Fate guides Pezzella-Bonasera toward Italian

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If not for a pair of fateful coincidences, Mariangela Pezzella-Bonasera might be working in the corporate world rather than pursuing a flourishing career teaching Italian 1, 2, 3 and AP at Wheeling High School.

During her undergraduate years at Dominican University, she was studying international business and Italian when she took part in a marketing internship at the Sorrento Lingue (a language institute) in Italy. She finished her project ahead of schedule and got an assignment she wasn’t expecting — to teach English to Italian teens.

“I actually fell in love with it and had a great time,” she says. “I love that age group.”

She returned from Italy and began studying for a master’s degree in education at Dominican, thinking she’d become an English or business teacher. That’s when the second coincidence occurred.

“I got a phone call from my counselor at Dominican, and he said, ‘Can you teach Italian?’ she recalls. “I said I could try.”

As a child growing up in Harwood Heights, Pezzella-Bonasera spoke Italian to her mother, who is from Bari, and her father, who is from Naples, as well as her grandparents.

“I grew up in a bilingual home,” she says. She entered school speaking Italian, but the school administration encouraged her mother to stop talking to her in their native tongue. (Her parents speak excellent English, she notes.) Educators’ thinking on language learning has changed quite a bit since then, she says.

“So, I lost the spoken Italian for some time, but I’ve always understood it,” she explains. “I had to re-learn Italian at university, though I had taken it at Maine South (High School in Park Ridge). But I always had this fundamental love for the Italian language, culture and customs.”

She also studied to pay homage to her parents and grandparents.

In her undergraduate years, Dominican University professor Tonia Triggiano inspired her to keep studying Italian.

“I imagine paradise is like Professor Triggiano talking about Dante. She was such an amazing educator. And she inspired me to teach,” Pezzella-Bonasera acknowledges.

Pezzella-Bonasera finished her first master’s degree in education from Dominican University in 2012, then earned about 30 credits, called endorsements, from National Louis University in other educational topics such as special education and English learning.

She also earned a second master’s degree in educational leadership from North Park University.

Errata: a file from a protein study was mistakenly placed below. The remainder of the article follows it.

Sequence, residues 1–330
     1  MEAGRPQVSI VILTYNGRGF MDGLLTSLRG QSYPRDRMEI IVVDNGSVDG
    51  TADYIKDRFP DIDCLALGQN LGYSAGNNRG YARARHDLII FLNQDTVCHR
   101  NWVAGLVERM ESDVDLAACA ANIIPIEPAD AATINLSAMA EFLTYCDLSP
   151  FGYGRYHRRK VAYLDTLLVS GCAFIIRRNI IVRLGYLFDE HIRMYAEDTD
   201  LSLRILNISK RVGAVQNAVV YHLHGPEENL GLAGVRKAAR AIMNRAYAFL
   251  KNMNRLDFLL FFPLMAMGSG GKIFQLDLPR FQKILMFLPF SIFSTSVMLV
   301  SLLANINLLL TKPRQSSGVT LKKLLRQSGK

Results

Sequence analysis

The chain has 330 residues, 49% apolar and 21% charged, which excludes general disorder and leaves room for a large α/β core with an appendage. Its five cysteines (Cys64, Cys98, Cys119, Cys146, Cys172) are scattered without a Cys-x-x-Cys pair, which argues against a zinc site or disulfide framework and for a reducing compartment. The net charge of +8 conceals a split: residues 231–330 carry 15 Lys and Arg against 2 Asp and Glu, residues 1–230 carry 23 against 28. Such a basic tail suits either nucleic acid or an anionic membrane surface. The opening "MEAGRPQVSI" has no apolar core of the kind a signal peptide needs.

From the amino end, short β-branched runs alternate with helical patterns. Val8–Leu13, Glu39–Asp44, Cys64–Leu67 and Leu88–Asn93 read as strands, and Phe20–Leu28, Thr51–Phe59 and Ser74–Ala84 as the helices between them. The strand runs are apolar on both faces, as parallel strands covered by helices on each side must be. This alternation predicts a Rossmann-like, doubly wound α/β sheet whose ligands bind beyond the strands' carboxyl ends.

Many of her students at Wheeling High School are LatinX students, and their interest in Italian varies. These include the language’s relationship to the rock band Maneskin, the football club Juventus, Formula Uno auto racing and pizza, among other things.

In her 10 years at the school, she has taken students on trips to Italy and gotten the students engaged in activities like sales of mini-panettone at Christmas Time, though these activities had to stop during the pandemic.

Asked what Italian learners struggle with the most, she replies, “Speaking. It’s the hardest thing to practice in class. And I would argue it’s the hardest to teach, and to prep kids for the AP test. The hardest portions of the AP are when they listen to a prompt and then they have to respond. It’s brutal.”

Pezzella-Bonasera lives in Mount Prospect with her two small children, Sofia and Domenico, and her husband, Joseph, who hails from Sicily. She acknowledges that when she first met him and his family, she struggled mightily to understand their dialect.

Asked why students should study Italian, she responds, “Because it is not only a beautiful language but because the Italian culture is so rich in art, music, history, fashion, food, architecture. If students are struggling with the language, they hold on because they fall in love with the culture, the customs, the traditions. My students are enamored with the fact there’s a certain special tomato, San Marzano, that comes from volcanic ground that makes it the perfect combination of sweet and acidic, and that is a main component of why Neapolitan pizza is so good. So in learning Italian, you always find something you fall in love with.”

About Elena Ferrarin

Elena Ferrarin is a native of Rome who has worked as a journalist in the United States since 2002. She has been a correspondent for Fra Noi for more than a decade. She previously worked as a reporter for The Daily Herald in the northwest suburbs of Chicago, The Regional News in Palos Heights and as a reporter/assistant editor for Reflejos, a Spanish-English newspaper in Arlington Heights. She has a bachelor’s degree from Brown University and a master’s degree in journalism from the University of Illinois at Urbana-Champaign.

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